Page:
Children observe and notice one another’s strengths and weaknesses. If a teacher is always putting down a student or correcting a student’s behavior that child’s classmates are taking note of these actions. Children see which students are leaving the room for extra help and they also notice the students that always have the correct answer. These actions can affect how students work together. Students may form groups according to their abilities that could exclude other children. Teachers might be forming these types of groups themselves without even realizing it. The classroom rules and routine itself may set up boundaries for certain children. These are situations teachers need to be aware of. Understanding the social aspects of your classroom can help you understand more about a child’s learning. When children of different abilities work together they can help each other learn, improving their skills. When a student teaches something to another student both children are learning. Teaching or helping another student out takes effort and reinforces concepts. Children need the time to work with other children in different groups. Creating groups where children never get to work with others makes social and learning problems. Teachers must look at the social interactions of their classroom, their daily schedule, and the classroom rules to create the best learning environment possible.      

Monday, February 27, 2012


                         What ideas do teachers and parents find to be important, when thinking about children learning how to read? What do we use reading for in our lives? How does this compare with the reasons young children are learning to read? Comprehension and being able to take away meaning from a text is a very important focus. We read something with the intention to understand the text and take some kind of meaning away from it. Texts sometimes have different layers of meaning to them. Therefore, different skills are needed to find the true meaning of these types of texts. Children are trying to develop skills or certain methods that help them understand or comprehend what they are reading. Teachers play an important role when it comes to helping children develop strategies to comprehend what they are reading.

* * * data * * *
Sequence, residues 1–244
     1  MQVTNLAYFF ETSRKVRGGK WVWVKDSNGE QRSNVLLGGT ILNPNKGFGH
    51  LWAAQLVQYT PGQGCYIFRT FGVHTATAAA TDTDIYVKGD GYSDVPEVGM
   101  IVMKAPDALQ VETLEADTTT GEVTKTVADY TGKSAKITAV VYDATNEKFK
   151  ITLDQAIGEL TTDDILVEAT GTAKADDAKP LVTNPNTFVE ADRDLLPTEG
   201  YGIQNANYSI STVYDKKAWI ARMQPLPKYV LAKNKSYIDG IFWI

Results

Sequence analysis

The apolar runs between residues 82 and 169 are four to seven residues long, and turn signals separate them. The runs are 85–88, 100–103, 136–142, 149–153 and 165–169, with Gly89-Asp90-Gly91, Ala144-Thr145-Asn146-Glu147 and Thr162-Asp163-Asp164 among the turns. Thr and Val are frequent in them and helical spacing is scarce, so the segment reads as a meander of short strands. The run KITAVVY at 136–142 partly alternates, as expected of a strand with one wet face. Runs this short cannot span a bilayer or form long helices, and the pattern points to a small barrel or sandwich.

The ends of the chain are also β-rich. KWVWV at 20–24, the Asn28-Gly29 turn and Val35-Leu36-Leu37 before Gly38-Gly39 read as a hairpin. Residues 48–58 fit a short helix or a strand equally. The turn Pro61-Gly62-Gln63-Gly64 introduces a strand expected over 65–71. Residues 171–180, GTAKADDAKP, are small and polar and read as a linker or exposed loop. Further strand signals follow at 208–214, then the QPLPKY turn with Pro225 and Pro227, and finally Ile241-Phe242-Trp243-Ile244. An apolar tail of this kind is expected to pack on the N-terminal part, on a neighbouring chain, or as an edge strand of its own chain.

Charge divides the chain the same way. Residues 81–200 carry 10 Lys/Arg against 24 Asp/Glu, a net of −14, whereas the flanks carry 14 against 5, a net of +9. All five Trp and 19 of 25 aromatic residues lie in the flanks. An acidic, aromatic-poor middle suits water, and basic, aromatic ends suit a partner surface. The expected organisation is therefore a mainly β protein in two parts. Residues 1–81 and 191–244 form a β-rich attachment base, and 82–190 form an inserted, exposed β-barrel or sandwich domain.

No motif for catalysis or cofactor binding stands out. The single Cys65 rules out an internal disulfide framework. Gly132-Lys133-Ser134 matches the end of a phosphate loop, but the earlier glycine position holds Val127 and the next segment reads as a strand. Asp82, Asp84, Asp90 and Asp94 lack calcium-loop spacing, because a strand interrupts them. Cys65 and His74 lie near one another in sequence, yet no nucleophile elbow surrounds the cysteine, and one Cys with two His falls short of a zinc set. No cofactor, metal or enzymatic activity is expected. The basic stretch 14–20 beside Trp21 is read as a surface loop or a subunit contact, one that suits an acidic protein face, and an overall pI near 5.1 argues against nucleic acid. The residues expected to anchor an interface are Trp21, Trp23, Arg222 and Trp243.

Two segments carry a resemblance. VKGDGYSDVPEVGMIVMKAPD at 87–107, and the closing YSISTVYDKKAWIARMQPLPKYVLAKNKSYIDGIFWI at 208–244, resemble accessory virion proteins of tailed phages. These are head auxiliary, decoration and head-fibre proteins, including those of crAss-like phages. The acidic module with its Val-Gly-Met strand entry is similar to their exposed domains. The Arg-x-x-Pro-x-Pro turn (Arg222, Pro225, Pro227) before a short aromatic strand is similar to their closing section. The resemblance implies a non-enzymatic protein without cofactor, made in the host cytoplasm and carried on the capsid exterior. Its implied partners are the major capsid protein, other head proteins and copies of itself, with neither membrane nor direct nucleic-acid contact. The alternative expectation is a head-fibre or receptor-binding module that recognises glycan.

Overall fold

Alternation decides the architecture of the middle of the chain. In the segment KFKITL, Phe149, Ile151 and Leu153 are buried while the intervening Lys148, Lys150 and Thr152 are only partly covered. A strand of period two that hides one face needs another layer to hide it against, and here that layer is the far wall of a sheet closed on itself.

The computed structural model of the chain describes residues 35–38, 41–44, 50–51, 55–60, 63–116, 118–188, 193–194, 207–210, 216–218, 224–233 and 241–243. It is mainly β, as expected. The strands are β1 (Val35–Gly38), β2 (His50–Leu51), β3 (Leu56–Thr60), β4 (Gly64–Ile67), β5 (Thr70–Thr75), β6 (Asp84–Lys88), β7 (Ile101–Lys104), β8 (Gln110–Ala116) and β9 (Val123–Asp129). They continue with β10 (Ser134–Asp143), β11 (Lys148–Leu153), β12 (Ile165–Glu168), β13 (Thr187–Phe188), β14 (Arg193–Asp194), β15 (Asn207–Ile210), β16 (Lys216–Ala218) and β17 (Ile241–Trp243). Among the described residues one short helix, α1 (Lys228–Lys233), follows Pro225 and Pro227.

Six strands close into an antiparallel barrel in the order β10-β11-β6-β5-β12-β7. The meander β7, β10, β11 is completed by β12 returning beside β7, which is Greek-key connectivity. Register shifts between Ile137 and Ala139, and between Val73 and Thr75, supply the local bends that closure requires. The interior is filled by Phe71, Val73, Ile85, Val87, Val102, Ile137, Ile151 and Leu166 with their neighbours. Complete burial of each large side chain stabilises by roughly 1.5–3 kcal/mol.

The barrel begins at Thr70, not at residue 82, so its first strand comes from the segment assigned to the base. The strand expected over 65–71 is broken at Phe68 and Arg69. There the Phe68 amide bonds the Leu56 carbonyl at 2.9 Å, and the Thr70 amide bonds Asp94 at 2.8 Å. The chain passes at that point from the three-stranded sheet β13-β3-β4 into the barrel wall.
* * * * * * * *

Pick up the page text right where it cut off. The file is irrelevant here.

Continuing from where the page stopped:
Knowing how important reading is in our society it is teachers’ responsibility to give quality and balanced instruction about these types of strategies. This process should start when children are young so that they can use and develop these strategies throughout their life. Children are learning how to make connections, “infer information, understand humor and sarcasm, understand a characters point of view, and more” (Johnson & Keier). When children learn these skills, it helps them comprehend what they are reading. Teachers should “model strategies, explain his or her ideas behind those strategies, have students to be involved, create guided practice opportunities, and have classroom discussions about these different strategies” (Johnson & Keier). Teachers can help students learn the skills they need to comprehend meaning from what they are reading on their own. 

Monday, February 6, 2012

Sounding Out Words

            Children often believe they are in the habit of sounding words out, when they do not know what they are. This is one of the most common know strategies for learning how to read, even though this method focuses on a individual word rather than the overall meaning of the text. Our society often focuses on “reading accuracy” rather than gaining meaning from a text. 

        When looking at this subject it is found that “children use a range of strategies to solve words while reading”. Parents sometimes feel that sounding out words is their main tool when teaching their children how to read. Children take meaning from their readings to figure out words they have difficulty with. They think about what is going on in the pictures and text to solve the puzzle of the unknown word. Another way they find out a word they may not know is through using the structure of the sentence as clues. Children also use visual clues such as looking at the letters to figure out the word they are stuck on. Children are using other strategies when they may think they are just sounding out words. 

          Children have to do more than just sound out words because “sounds change with context”.  Children often go beyond sounding out words to become successful readers. When looking at how children learn to read there is much more to this process than just sounding out words.